Why is this business model picking up momentum at a time when the government is scrutinizing healthcare, let alone the spine industry? The reader can only surmise that the old adage applies; when one door closes, another door opens up. Ten plus years ago as surgeon consulting agreement were picking up momentum, law firms started sending promotional flyers on legal seminars that addressed how to comply with Stark I and II in managing your agreements. These seminars do exist, run by the same profession that surgeons love to complain about, the legal profession. Today consulting agreements have become so rampant that it has become commonplace to broker a surgeon before they have even tried a new product. As sham consulting agreements have become prevalent, ever so more scrutinized by the DOJ's microscope, a different business model is starting to emerge. The surgeon owned distributorship.
Rumors have surfaced that this model has picked up momentum, especially on the West Coast. One of the most important aspects of starting a surgeon run distributorship is to receive legal clearance that what you intend on doing, and how you intend on doing it is within the law. The surgeon investor is looking for a legal opinion to assure that there is no inherent conflict of interest. In all likelihood, the surgeon's role in this business model is usually as a silent partner funding the distributorship, that is run by a non-surgeon. It helps if you have a three to six man group that has a high volume surgical practice because that would produce immediate volume. So the question must be posed, how desperate have some of these surgeons become?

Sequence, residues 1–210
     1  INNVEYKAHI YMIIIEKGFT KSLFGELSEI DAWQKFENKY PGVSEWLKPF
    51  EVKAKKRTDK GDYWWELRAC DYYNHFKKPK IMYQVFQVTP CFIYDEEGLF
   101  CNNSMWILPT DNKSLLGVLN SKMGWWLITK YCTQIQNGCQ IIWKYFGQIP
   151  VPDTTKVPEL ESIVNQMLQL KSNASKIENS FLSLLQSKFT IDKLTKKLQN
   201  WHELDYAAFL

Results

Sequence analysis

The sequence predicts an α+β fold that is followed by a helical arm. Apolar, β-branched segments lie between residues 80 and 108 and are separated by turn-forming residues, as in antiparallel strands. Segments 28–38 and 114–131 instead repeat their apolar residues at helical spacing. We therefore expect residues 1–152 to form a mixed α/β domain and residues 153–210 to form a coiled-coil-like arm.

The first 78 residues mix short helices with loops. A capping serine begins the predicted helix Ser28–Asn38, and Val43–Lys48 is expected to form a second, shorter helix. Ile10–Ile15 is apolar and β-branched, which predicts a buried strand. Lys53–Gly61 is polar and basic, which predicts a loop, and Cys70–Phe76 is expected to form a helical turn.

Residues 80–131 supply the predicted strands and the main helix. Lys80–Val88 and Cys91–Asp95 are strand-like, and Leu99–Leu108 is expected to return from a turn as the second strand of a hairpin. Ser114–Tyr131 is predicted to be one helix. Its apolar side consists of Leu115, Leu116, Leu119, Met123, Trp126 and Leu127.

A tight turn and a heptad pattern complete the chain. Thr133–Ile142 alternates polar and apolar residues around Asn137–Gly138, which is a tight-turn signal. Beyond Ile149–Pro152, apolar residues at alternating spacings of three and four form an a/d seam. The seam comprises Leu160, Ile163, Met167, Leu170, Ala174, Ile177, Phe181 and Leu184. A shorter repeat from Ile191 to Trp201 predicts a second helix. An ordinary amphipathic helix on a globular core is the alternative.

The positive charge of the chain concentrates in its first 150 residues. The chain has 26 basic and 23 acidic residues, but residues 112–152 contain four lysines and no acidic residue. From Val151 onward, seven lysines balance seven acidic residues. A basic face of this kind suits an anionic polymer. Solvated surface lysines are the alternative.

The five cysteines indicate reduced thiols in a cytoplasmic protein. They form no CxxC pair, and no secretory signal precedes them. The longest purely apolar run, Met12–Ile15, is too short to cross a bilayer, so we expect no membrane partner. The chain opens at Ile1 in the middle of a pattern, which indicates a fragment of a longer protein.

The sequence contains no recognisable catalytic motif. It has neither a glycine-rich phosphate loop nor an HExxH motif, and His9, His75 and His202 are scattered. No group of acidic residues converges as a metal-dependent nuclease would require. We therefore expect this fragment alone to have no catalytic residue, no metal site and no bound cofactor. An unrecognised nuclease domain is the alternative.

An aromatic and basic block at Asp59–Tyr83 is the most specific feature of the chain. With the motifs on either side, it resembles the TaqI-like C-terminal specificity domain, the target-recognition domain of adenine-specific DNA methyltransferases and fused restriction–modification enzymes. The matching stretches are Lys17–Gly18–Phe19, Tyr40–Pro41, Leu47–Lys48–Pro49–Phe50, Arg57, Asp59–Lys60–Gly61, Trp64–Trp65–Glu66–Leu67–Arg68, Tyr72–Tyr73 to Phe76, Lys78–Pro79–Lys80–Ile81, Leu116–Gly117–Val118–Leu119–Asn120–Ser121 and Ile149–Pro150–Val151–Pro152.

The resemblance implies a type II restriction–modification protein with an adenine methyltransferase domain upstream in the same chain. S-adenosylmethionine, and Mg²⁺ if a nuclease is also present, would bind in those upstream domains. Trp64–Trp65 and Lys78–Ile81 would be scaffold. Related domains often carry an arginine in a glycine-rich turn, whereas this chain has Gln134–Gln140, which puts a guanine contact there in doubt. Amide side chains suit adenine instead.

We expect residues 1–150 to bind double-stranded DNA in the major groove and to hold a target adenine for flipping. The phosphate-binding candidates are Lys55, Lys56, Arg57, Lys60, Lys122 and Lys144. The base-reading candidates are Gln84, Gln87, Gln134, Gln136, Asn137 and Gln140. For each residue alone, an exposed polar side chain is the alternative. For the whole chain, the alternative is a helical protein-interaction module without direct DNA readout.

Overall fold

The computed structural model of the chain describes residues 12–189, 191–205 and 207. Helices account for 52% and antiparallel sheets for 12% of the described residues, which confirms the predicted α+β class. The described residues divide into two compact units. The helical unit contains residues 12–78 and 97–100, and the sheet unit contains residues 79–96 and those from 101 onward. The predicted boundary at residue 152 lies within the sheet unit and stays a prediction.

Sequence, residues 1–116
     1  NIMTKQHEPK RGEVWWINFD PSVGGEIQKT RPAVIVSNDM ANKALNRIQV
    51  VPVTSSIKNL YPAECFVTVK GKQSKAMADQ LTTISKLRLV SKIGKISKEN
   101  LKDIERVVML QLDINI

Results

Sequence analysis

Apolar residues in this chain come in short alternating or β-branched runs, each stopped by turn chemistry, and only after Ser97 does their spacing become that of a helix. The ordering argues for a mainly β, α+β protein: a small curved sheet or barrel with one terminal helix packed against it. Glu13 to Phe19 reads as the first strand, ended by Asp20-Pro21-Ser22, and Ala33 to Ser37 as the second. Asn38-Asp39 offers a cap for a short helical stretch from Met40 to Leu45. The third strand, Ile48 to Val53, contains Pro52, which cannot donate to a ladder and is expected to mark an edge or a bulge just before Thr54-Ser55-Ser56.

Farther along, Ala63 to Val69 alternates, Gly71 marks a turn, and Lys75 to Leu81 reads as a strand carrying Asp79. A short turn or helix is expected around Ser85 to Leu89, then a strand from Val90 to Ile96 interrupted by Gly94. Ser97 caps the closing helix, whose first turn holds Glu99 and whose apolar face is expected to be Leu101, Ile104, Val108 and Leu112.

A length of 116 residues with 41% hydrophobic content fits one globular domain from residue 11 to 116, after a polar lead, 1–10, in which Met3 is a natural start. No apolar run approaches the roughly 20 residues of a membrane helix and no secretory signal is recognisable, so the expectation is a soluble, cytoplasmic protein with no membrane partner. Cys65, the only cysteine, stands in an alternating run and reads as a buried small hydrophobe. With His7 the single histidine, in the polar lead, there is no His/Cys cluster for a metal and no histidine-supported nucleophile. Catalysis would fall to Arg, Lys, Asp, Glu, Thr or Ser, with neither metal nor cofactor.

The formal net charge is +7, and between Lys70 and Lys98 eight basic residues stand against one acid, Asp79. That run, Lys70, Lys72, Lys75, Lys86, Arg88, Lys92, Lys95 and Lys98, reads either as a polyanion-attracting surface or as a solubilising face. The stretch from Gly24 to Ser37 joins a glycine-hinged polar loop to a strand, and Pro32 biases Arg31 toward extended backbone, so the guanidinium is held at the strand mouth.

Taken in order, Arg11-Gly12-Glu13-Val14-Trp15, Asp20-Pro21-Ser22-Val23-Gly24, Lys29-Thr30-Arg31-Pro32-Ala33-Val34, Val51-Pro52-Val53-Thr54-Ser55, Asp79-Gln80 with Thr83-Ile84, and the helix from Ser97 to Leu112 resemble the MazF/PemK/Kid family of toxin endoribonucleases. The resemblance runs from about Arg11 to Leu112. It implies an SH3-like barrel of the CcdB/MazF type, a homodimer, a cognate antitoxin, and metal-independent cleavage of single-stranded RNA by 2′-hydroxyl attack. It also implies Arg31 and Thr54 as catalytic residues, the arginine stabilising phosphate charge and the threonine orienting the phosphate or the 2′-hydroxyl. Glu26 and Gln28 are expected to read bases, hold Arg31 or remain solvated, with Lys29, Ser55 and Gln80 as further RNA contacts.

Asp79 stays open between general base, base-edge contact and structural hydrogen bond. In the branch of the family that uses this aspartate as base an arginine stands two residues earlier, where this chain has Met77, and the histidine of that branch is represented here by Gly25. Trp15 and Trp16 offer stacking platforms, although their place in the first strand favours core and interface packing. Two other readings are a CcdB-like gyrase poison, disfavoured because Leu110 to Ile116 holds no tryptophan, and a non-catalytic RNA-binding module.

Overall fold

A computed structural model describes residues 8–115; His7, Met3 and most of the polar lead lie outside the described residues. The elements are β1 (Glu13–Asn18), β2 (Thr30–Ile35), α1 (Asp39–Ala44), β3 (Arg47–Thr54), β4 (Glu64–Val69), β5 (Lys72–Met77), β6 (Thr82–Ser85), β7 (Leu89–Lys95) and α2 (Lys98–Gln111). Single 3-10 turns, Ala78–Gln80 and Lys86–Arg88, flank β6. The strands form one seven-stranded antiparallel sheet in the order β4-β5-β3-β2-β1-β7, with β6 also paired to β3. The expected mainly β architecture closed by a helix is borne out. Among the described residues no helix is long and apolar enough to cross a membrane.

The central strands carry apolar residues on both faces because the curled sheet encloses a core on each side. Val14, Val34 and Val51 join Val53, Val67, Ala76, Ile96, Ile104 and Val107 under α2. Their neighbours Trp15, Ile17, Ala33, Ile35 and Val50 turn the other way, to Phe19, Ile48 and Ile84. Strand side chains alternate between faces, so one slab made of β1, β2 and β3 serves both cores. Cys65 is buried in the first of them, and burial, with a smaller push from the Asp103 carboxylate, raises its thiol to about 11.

Over the last ten to fifteen years, the medical device industry has used every legal advantage to stretch the rule of law and get an advantage on the competition. This behavior threatens the core of free-market enterprise. Starting around 1991, the evolution of the surgeon has gone through multiple phases, those include; surgeon educator (let's have them teach our sales reps and the residents about surgical technique at company sponsored meetings), surgeon marketeer (let's fund a controlled study to emphasize the efficacy of our product), surgeon consultant (let's hire the surgeon as consultant based on volume), surgeon designer (let's buy their IP), surgeon owner (let's invest in a start-up company and maybe we'll hit the lottery), surgeon owned specialty hospitals (let's profile our patient selection and we'll show the government on how to run healthcare), surgeon investment banker (let's go work for a private equity firm), and last but not least, surgeon owned distributorships. It's a wonder that some surgeons even know how to operate? Could it be that all that is left for spine surgeons is to become salespeople. But doesn't that already exist?
It is debatable as to whether Stark I and II are truly an unwarranted intrusion into the practice of medicine when we deal with the above stated scenarios on a daily basis in our business. Many surgeons including NASS respond to these concerns by stating that while these problems exist, they are not widespread. Of course every parent wants to believe that their children are behaving. If you have invested or own a hospital, company, or distributorship and are a surgeon could this not constitute a potential conflict of interest? Sometimes you have to wonder whether some people would just focus on what they were trained best to do and let others do their job. TSB wants to know what our readers have heard?